Polytonality is the simultaneous combination of different melodic or harmonic patterns, each being characteristic of a different key.  Polytonal passages were used on rare occasions in earlier centuries, either as curiosities or for humorous effect.  They occur more frequently in 20th-century music, and are often a means to powerful expression.  In most instances, bitonality is involved.  Bitonality is the use of only two different keys at the same time.  Some writers prefer to reserve the term polytonality for those few instances in which more than two keys are combined simultaneously.
A well known example is the fanfare at the beginning of Igor Stravinsky's ballet, Petrushka. The first clarinet plays a melody in C major, while the second clarinet plays a similar melody in F sharp major:

Although this example consists of just two melodic lines, some examples of bitonality contrast fully harmonized sections of music in different keys. Examples of this rather more dissonant kind of bitonality can be found in the work of Charles Ives, whose use of the technique in later additions (1909-1910) to his Variations on America (1891) is one of the first in classical music. Earlier examples, such as Wolfgang Amadeus Mozart's Ein musikalischer Spass, tend to use the technique for comic effect.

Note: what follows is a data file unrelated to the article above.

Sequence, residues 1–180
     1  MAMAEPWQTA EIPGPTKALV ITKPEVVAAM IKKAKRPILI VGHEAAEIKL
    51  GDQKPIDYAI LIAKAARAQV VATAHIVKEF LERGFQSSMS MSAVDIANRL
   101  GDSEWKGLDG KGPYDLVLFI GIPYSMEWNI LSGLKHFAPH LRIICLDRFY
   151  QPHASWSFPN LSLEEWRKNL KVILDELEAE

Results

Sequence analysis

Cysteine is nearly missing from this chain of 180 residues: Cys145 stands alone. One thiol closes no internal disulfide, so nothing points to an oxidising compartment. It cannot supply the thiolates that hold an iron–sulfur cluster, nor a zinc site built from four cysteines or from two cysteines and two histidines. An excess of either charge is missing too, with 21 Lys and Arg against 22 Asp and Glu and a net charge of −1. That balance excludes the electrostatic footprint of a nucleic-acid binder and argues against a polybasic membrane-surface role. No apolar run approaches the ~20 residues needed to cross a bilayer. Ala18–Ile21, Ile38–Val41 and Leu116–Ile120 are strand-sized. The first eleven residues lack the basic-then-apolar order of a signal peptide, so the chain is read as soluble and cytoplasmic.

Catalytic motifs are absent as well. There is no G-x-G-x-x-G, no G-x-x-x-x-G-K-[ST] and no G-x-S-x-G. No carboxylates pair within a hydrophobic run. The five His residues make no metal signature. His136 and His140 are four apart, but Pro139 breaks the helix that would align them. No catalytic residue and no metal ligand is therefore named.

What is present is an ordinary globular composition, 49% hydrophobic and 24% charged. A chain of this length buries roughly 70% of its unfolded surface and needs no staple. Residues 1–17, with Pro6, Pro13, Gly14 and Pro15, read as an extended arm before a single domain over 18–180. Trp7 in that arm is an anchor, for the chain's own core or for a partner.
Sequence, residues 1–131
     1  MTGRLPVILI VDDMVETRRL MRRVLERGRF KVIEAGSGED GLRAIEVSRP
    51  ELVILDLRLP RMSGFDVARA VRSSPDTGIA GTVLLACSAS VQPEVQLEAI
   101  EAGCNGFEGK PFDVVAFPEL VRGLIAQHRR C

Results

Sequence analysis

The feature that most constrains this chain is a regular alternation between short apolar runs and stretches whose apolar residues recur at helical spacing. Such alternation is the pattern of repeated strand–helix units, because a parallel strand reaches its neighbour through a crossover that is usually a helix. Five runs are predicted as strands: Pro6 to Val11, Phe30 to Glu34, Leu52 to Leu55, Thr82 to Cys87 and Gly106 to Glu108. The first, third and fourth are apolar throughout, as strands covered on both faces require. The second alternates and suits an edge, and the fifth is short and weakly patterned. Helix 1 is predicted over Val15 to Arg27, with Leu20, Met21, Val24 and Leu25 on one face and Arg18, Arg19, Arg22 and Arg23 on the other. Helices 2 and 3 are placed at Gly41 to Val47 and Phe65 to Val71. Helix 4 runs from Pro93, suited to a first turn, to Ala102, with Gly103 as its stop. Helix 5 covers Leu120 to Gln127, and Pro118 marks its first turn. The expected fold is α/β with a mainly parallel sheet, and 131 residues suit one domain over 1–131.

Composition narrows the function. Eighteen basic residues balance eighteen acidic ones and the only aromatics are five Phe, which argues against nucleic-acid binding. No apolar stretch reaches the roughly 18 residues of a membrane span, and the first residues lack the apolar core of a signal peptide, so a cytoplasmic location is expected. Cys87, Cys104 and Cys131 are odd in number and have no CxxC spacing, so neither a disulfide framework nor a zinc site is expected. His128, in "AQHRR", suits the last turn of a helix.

Debussy's works often employ nascent polytonality. Bitonality was used quite often by members of the French group, Les Six, and especially by Darius Milhaud, who perhaps used it more than any other composer. Many composers today who are interested in using tonality are also interested in bitonality, such as Philip Glass in his Symphony No. 2.

Although the word bitonality is most often used when talking about relatively modern classical music (written in the last one hundred years or so), it is quite a common technique in folk music, especially in eastern Europe.